I do agree strongly with making sure that the business you are choosing is right for you, as it is a vital part of making the business a success. It is also very important to gather as much research on the businesses you are interested as possible, as this can change your outlook on certain businesses in terms of the best business to buy.

  • Christine Sutherland

    I would like to add a few factors from the 6 Steps of Due Diligence:

    Check that the product or service offered is sufficiently different (product differentiation) from other similar items on the market so that you’re not struggling to win or maintain market share. (Note “high quality” is not product differentiation; it’s a given.)

    Check that there is a strong and sustainable market for the product or services, including impact of technology.

    Check that the price is cost competitive with the nearest similar product or service.

    There are more aspects to due diligence than this, but by checking through the 6 Steps of Due Diligence yourself, you can save a lot of time, energy, and money. Use this process to exclude poor options from your list.

  • Bach Ly

    I agree on “Starting the right business” – Choose the business type that you love or at least are willing to learn about. But the hard thing, how to find a business that I would love? There are thousands of categories out there, which one would suit me?

    I read the article “Starting the right business” with the two examples of a contractor and a gardener. But imagine, if have not got a chance to work in a particular industry for so long that I know something about it, or I have kept changing jobs, then I end up being still not sure what exactly what I would love to do.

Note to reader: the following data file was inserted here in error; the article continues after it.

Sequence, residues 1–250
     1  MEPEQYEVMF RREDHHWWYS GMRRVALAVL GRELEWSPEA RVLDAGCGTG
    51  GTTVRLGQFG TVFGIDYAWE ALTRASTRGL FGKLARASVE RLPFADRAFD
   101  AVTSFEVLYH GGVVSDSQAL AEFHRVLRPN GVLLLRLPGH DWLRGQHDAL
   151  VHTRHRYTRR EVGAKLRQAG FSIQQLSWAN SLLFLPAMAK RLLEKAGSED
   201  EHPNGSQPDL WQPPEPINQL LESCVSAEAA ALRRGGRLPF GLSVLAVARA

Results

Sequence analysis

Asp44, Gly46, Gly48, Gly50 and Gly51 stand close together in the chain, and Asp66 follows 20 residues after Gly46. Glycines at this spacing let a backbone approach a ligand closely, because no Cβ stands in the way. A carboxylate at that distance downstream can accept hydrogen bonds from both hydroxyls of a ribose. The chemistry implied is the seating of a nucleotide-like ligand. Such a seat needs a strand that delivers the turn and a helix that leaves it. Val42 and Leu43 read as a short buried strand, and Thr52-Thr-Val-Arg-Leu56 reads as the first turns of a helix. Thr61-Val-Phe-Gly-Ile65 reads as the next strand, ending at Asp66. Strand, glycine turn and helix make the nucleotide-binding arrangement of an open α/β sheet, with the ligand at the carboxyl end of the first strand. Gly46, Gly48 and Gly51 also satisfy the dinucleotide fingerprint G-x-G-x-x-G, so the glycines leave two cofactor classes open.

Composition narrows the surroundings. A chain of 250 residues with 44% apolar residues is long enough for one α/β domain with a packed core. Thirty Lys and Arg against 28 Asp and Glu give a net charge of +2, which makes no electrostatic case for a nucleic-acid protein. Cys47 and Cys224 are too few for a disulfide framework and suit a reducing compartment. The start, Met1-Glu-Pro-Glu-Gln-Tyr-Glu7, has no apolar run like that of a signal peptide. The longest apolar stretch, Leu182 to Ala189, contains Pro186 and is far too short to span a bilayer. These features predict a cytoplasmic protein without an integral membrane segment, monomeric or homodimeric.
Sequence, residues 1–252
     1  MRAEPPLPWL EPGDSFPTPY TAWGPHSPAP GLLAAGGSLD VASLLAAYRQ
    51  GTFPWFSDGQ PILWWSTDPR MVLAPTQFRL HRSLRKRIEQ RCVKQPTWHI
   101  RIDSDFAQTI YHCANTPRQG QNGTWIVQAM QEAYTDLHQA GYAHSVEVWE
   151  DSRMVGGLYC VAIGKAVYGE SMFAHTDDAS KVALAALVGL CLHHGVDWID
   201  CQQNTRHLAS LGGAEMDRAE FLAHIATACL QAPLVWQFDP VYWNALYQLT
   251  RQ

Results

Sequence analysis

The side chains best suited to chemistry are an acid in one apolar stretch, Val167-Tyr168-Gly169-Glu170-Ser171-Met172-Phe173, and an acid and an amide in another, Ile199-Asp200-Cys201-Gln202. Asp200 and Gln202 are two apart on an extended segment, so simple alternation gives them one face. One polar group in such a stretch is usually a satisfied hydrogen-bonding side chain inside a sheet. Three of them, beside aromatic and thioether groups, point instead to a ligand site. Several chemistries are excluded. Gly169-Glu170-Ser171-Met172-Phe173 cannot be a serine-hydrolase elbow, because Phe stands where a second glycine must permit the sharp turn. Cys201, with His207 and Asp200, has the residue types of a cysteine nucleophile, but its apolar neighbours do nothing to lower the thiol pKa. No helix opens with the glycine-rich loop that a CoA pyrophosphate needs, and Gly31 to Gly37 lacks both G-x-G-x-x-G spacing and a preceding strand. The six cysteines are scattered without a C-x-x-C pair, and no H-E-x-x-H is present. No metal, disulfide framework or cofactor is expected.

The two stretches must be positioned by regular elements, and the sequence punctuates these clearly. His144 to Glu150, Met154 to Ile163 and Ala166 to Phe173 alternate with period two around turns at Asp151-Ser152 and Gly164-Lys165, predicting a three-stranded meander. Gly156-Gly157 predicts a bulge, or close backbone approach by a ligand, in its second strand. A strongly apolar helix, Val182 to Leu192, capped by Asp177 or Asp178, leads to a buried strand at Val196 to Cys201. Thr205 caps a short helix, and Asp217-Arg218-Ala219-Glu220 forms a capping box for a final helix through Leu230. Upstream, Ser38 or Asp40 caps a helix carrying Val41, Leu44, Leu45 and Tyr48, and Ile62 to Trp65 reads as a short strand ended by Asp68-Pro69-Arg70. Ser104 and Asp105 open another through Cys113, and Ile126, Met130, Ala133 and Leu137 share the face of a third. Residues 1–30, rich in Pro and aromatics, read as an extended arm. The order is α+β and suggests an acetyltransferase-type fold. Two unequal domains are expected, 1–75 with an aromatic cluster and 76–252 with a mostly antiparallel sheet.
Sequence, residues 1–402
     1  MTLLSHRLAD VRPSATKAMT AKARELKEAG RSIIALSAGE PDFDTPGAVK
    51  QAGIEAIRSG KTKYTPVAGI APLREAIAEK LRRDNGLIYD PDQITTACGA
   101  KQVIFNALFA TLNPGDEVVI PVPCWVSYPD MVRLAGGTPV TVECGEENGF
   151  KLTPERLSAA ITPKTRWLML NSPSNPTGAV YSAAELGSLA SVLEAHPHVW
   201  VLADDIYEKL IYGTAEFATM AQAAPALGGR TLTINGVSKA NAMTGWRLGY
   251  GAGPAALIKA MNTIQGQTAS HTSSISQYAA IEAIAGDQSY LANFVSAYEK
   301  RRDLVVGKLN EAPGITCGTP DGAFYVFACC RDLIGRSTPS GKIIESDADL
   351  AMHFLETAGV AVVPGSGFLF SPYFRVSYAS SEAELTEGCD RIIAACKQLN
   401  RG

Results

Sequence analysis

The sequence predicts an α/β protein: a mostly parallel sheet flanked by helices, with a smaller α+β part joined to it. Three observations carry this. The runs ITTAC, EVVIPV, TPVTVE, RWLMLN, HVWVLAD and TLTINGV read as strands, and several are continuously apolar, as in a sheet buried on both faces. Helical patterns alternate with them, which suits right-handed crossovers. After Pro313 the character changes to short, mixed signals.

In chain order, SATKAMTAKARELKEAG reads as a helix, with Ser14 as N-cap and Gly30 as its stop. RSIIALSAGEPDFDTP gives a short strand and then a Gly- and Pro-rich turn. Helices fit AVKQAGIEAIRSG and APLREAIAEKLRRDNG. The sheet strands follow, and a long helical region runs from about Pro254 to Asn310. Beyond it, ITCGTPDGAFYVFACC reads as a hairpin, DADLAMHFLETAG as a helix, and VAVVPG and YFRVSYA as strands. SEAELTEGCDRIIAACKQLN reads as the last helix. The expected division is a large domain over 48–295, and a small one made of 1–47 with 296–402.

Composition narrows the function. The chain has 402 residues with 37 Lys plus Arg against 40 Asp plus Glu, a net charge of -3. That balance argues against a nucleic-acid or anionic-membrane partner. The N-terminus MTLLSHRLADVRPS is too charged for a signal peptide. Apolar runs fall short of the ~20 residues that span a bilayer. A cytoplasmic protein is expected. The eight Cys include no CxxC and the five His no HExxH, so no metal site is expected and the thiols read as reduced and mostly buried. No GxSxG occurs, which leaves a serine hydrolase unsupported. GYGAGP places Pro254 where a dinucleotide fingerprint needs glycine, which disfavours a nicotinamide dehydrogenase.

Any recommendation?

  • Chantal Renouf

    If you are passionate about something you will succeed with it. If you are completely unsure about a business to purchase then try to find something that has the potential to branch to keep you interested and motivated. I think you will find that the first few years of owning your business will be a rewarding experience as you can create your own goals and targets and strive to achieve. If you continute to make new goals say every 3 – 6 months (given the current status of the business) for example target a different area each period you will constantly be motivated to excel in each area.
    Like you I do find it hard to maintain concentration, commitment and motivation once the thrill has gone of a new job or area of employment. I have stuck by my goals for the last few years and I have only increased both my personal and business skills. I have found it rewarding.

    As for the article it has also helped me when making decisions about the purchase of a business. I would not take these words lightly!

  • Buying a Business

    Too many times I am reading stories about how someone rushed into the financial commitment of a new business venture, only to have lost their money or interest. This article highlights some crucial points to remember bore starting or buying and already established business.